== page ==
June 11, 2011 - Justice Sandra Day O'Connor presented to South Carolina Chief Justice Jean Toal the first-ever Award for the Advancement of Civics Education given by the National Association for Court Management. "Chief Justice Jean Toal has been a life-long advocate for civil rights and civic education," Justice O'Connor noted. "It is clear to me, as it is clear to Chief Justice Toal, that civic education is fundamental for educating the leaders of tomorrow. Chief Justice Toal recognizes this need and is taking great strides to improve students’ understanding of our courts. She continues to be an innovative Chief Justice, an example of expertise, inspiration, and leading by example."
(Full remarks after the break)
The ultimate measure of civic education’s success is whether young people become active participants in democracy and civic society. On April 1, 2011, iCivics launched a bold experiment to bridge from our online civics games to offline civic engagement: Impact Projects. Through Impact Projects, people who play iCivics games earn points that they can spend on voting for one of a slate of youth-led projects, selected by project partner Ashoka Youth Venture. The top vote-getter of each period wins a $1,000 cash grant from iCivics.
Globaloria, the social learning network teaching students to make educational webgames, has been hosting the nation’s first and largest game-design competitions since 2009. Honorary Chairs of the competitions included Former Supreme Court Justice Sandra Day O’Connor and US Senator Jay Rockefeller. Students on the winning teams won a Game Designer Kit (Laptop and Flash software) to support their computational creativity for years to come.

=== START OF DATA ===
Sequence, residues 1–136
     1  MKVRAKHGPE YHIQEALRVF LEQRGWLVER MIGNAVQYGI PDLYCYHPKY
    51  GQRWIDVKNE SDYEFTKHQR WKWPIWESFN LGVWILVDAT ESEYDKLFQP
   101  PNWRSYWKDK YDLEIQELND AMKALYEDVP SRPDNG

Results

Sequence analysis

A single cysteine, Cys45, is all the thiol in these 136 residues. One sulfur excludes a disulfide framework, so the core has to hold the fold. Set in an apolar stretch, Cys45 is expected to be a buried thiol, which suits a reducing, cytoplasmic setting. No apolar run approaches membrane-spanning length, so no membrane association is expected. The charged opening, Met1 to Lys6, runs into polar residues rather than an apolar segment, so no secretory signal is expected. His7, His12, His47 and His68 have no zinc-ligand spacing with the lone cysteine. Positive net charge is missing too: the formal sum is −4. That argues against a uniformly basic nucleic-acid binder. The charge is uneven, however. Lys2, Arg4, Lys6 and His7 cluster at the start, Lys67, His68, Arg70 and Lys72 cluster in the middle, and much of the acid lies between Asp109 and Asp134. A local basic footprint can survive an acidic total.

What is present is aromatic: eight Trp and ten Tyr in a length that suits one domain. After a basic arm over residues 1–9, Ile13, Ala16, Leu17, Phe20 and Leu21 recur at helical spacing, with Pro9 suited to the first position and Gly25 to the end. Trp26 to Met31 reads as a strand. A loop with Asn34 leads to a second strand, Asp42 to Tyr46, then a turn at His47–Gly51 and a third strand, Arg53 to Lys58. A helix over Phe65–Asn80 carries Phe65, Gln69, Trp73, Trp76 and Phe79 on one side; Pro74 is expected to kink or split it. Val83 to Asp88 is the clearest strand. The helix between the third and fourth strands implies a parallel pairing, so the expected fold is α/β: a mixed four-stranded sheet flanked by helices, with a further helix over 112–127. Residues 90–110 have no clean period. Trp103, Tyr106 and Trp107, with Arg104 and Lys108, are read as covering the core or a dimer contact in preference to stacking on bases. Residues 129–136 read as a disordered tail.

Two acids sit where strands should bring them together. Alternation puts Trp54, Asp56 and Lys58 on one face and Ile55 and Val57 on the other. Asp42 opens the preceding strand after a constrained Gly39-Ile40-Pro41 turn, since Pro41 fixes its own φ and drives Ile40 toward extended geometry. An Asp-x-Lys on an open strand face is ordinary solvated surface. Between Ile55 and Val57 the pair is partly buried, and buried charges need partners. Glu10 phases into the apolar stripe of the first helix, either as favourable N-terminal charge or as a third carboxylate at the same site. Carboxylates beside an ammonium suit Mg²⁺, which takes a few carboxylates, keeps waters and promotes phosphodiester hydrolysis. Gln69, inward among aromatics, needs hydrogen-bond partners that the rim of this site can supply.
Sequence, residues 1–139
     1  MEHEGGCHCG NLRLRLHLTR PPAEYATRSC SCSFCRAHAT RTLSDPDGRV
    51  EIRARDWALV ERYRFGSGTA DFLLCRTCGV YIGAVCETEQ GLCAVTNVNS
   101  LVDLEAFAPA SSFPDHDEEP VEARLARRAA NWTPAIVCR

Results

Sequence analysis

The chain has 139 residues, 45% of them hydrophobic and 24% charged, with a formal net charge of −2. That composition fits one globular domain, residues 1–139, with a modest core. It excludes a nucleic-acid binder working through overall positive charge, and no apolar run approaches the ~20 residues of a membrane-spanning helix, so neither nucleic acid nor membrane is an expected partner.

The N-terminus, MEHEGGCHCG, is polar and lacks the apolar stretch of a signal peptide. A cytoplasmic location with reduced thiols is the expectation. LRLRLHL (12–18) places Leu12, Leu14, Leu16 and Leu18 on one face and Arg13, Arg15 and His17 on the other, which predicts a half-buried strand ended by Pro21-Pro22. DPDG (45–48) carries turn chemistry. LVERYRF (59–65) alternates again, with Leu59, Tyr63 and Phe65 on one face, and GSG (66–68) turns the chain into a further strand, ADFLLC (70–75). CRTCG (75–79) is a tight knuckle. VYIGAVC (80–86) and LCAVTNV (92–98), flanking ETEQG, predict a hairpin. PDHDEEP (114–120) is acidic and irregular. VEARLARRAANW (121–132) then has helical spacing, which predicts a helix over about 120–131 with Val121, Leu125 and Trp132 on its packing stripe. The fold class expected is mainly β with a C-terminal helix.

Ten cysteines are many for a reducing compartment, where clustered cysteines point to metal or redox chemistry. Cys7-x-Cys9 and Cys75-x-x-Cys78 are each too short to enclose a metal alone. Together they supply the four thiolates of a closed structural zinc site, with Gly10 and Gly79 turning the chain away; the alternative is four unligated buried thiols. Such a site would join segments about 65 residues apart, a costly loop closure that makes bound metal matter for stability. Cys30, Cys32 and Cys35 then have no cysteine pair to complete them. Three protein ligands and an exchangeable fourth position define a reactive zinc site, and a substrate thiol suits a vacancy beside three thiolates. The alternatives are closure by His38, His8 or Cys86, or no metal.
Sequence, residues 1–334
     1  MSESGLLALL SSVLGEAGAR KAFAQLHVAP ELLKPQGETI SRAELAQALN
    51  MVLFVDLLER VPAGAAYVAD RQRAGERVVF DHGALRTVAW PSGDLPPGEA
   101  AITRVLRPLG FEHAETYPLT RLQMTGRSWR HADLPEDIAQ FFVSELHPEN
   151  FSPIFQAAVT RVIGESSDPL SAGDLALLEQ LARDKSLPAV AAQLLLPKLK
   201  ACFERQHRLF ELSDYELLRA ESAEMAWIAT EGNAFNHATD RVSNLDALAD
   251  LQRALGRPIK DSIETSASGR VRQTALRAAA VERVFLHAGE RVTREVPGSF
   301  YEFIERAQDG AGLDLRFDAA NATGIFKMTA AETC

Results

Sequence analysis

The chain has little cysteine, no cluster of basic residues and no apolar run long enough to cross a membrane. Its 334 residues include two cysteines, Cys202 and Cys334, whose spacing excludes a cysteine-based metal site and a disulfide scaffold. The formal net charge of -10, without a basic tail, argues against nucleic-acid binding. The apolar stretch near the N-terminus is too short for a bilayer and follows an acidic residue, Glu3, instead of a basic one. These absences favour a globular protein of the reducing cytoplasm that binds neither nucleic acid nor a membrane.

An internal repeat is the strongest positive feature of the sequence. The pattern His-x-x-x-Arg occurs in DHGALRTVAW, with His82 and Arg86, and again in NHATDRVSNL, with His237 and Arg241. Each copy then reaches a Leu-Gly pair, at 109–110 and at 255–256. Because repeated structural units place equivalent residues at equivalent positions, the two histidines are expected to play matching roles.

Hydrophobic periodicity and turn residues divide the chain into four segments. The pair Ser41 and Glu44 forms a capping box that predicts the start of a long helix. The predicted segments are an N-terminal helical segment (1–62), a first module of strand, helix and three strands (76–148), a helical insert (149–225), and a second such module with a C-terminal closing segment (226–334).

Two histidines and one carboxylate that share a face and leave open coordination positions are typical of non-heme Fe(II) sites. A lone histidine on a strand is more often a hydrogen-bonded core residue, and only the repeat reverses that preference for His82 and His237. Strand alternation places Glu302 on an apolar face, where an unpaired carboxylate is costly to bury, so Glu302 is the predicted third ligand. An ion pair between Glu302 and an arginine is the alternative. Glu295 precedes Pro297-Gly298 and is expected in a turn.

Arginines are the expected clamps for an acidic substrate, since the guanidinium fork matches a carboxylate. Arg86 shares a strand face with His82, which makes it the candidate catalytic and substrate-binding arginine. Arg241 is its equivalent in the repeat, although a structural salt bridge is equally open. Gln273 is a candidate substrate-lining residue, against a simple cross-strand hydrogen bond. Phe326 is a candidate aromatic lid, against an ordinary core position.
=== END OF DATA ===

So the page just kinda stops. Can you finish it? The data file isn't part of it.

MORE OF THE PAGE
...So O'Connor, 81, launched iCivics, a nonprofit organization that aims to enrich students' understanding of American history, laws, and government. While O'Connor confesses she's "not an expert" in technology (she still writes everything out by hand), she has often displayed a unique talent for finding ways to channel public opinion.
As families gather to celebrate Independence Day, it is time to rethink the notion that civics instruction is less than vital in the global economy of the 21st century. If you want to succeed, the message seems to be: Take advanced science and math classes, but don’t worry about those civics classes. In a time of texts and tweets, and the instant democracy of the Web, civics instruction seems as antiquated to some students as studying the Dewey Decimal system...